I’m really excited for the next issue, and just discovered that there’s a Flash Season Zero I’ll need to pick up before that show starts here, too!

Phone woe

… and the #1 reason you should keep your previous phone when you upgrade:

The new one might randomly stop working.

I’ve had my new phone less than five months and it just turned itself off, and won’t turn on again. It does nothing (except infuriate me). I’ve filed a warranty claim with the manufacturer.

I don’t know how to feel about it. First I was sad, then I went to watch GARO: The Animation and discovered it is written by my beloved Kobayashi Yasuko, which means it is automatically The Best Thing Ever ™. So then I was happy.

Ironically? The phone stopped working while I was watching Attack on Titan on the SBS On Demand app. AoT is also written by Kobayashi-sensei…

Here’s hoping the DVD player doesn’t break when my ToQger DVD arrives.

Guardian Force Roboman #1

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#1 – “Attack on Blizzard Base Zero”
Component 01.1

Antarctica

Unbearable at the best of times, deadly at the worst, Antarctica is not a place most people would like to visit – unless, of course, your name is Sato Kiko, you are getting paid a fortune, and your new boss lives in a giant robot head at the South Pole.

That’s right. A giant robot head. Half-buried in ice. At the bottom of the world.

Kiko was not a person to be easily awestruck, but even she found the massive metal visage that greeted her as her motorised sled passed over the peak of one last snowdrift to be beyond anything she could have imagined; and that was saying a lot, considering she had spent the previous four years of her life preparing for that very moment.

“Wow…” she could not help but whisper as she pulled her sled to a stop and disembarked. She collected her single – large! – bag and began to approach the site, which had been surrounded by cyclone fencing with guards posted at regular intervals. One of the guards stopped her as she made her way through a narrow gate, and asked to see some identification.

Kiko reached into her bag and retrieved a small card detailing her name, age and the purpose of her visit, which she handed to the man. The guard lifted a walkie-talkie, spoke into it briefly, then ushered her forward. Kiko continued the long, featureless trek from the security checkpoint to her new home, entirely unable to take her eyes off of what lay ahead, and wondering all the while about what the future had in store.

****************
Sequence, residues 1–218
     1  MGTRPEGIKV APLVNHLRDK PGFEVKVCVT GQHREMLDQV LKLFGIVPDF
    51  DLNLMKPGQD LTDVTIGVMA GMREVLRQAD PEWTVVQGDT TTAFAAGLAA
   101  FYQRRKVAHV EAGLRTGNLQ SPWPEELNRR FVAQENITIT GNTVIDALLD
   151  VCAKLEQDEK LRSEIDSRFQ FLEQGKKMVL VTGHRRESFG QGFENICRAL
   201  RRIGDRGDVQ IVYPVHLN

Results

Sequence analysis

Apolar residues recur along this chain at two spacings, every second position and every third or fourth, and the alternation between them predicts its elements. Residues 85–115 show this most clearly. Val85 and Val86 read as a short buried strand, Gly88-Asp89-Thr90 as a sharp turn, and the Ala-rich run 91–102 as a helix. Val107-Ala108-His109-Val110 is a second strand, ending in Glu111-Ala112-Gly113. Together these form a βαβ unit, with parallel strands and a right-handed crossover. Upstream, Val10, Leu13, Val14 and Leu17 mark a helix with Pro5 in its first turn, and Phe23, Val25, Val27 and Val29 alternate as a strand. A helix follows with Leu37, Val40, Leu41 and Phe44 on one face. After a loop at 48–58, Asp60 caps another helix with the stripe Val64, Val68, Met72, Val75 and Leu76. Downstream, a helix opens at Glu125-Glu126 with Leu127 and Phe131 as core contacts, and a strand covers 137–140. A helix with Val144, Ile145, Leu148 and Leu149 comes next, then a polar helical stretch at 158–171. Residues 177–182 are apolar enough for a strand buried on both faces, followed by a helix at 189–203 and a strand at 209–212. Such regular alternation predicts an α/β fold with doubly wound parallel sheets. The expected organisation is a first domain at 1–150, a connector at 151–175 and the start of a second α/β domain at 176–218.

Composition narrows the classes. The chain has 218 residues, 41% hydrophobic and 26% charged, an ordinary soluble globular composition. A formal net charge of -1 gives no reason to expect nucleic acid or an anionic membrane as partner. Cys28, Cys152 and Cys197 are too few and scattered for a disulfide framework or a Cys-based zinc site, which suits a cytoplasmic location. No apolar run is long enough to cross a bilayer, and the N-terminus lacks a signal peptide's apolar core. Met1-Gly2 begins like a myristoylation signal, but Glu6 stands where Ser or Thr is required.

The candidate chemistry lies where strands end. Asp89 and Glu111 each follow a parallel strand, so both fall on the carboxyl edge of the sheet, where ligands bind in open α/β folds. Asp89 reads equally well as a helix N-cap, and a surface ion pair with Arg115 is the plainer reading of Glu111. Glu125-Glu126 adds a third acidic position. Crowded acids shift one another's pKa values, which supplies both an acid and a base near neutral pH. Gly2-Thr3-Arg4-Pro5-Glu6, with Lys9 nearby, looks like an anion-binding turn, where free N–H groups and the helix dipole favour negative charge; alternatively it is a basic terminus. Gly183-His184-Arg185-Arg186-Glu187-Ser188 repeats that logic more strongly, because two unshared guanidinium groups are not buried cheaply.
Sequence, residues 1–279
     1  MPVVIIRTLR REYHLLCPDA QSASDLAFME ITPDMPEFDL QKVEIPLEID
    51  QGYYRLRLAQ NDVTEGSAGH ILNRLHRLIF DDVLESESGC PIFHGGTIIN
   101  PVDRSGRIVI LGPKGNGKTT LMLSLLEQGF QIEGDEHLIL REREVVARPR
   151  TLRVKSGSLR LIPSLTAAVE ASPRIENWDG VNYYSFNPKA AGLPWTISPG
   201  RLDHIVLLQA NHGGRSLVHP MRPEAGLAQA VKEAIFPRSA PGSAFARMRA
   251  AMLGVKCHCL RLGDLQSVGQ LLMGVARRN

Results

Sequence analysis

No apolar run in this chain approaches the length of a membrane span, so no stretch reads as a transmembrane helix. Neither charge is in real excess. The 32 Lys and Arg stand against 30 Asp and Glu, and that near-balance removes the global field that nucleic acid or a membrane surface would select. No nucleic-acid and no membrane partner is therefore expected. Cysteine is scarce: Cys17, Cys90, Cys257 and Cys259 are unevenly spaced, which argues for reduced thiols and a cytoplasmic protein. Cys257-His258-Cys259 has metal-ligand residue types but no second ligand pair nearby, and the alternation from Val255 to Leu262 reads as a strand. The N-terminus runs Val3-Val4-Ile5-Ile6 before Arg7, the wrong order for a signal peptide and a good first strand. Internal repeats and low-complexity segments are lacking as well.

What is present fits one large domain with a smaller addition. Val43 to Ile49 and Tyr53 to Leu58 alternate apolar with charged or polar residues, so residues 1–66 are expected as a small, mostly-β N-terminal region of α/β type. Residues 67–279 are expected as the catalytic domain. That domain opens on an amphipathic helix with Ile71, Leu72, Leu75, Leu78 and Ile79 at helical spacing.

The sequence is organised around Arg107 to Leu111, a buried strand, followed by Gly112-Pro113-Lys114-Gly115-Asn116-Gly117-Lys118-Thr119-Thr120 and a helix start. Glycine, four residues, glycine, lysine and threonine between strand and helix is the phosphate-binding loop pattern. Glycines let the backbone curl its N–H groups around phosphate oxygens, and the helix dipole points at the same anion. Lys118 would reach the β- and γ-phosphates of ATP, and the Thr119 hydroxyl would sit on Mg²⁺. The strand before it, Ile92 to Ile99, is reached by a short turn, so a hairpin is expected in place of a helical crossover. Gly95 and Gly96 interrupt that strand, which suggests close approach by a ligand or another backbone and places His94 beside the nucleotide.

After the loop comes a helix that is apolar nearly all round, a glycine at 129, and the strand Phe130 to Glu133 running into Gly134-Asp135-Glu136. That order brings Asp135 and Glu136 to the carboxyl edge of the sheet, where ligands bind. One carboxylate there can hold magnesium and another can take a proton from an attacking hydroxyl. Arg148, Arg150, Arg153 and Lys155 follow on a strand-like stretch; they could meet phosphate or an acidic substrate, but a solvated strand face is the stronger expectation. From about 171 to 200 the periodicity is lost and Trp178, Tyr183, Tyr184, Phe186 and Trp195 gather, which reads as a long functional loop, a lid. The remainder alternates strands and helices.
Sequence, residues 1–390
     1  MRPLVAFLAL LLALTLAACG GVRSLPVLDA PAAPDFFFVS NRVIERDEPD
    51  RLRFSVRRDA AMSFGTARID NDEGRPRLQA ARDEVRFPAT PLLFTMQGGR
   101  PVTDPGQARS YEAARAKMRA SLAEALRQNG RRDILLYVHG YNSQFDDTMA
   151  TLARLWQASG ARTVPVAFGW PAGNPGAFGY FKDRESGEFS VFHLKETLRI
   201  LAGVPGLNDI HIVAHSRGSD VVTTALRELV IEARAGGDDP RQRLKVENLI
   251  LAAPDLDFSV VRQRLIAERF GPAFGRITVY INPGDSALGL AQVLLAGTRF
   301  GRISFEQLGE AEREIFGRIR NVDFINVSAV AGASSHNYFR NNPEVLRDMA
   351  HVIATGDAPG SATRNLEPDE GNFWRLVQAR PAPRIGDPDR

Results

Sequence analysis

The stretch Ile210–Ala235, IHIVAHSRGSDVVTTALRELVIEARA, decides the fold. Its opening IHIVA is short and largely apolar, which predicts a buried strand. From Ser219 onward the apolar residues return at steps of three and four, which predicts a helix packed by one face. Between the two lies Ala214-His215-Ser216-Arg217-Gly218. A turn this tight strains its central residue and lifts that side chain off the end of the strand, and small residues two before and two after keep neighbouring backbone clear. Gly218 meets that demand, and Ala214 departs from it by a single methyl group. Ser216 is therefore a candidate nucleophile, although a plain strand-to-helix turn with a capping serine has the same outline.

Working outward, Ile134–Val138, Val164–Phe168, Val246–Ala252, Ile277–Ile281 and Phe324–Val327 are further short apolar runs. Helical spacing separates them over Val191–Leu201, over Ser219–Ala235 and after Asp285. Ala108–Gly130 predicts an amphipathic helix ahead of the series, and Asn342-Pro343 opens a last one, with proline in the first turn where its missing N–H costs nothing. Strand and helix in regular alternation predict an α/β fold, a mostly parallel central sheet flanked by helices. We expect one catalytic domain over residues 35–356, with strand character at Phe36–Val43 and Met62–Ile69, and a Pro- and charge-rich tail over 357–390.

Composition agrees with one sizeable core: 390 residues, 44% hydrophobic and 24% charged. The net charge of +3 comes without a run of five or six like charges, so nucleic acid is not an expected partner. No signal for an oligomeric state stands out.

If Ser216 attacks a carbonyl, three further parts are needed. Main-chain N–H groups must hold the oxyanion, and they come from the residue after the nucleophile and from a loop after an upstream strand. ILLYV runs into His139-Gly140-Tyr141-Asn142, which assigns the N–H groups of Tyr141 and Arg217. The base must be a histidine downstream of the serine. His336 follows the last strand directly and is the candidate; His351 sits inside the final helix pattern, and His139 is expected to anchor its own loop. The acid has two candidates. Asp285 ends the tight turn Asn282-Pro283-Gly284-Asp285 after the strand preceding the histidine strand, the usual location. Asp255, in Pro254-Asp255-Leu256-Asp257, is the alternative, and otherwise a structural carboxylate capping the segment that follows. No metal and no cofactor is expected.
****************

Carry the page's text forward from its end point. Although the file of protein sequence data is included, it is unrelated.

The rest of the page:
Kiko began to tremble slightly as she realised the main entrance to the building was, in fact, the robot’s ‘mouth’. Two more guards saluted her at what passed for its lips, and she paused, temporarily unsure whether she should enter. The whole scenario just seemed bizarre to her. It was a giant robot head, and somehow, her own mind just could not get past that fact.

The ‘lips’ parted and Kiko saw a well-lit entranceway, which only caught her attention for the briefest of moments because, standing right in front of her, was her long-time hero and idol:

“Dr. Nagura!” Kiko almost shouted the man’s name as she realised who was waiting to meet her. As far as Kiko was concerned, Nagura Scott was an absolute legend, the greatest biorobotics expert on the planet, someone she had looked up to from the moment she was able to even guess at the importance of his work.

She knew that he would be there – he was, after all, the base’s commander – but she had no idea that he would take the time to meet and greet her. Her knees began to tremble, she dropped her bag, and a moment later found herself kneeling in the soft snow, sobbing loudly.

“Miss Sato?” Dr. Nagura took a few steps forward and offered a hand to help Kiko up. He waited patiently as she wiped the cold tears from her eyes and accepted the gesture, but he could not help but recoil when Kiko finally looked up at him. Her eyes were wide with utter delight, the broadest grin Nagura could even imagine spread across her face. For a moment, he thought she may have gone insane, but Kiko soon composed herself and bowed her head slightly, showing proper respect to her new employer.

“Um… you might want to stand up,” Nagura said. “It must be cold… in the snow…”

Kiko blushed. She lifted her bag with one arm, and took Nagura’s hand with the other. As stunning as she found the giant robot head to be, Kiko was far more amazed by Dr. Nagura. He had actually spoken to her! He had touched her! And, Kiko realised, he was someone she could certainly stand to look at - he was tall, slender, with long black hair and brown eyes, and he looked closer to thirty than his actual age of fifty-seven.

Yes. Kiko had a crush.

“Did you… enjoy your journey?” Nagura asked as he showed Kiko through the almost featureless corridor leading into the centre of the complex. “I am sorry… we could not provide a guide. Due to our remoteness…”

“It was fine,” Kiko told him. “Although I did knock on the side of another robot head a few kilometers back…”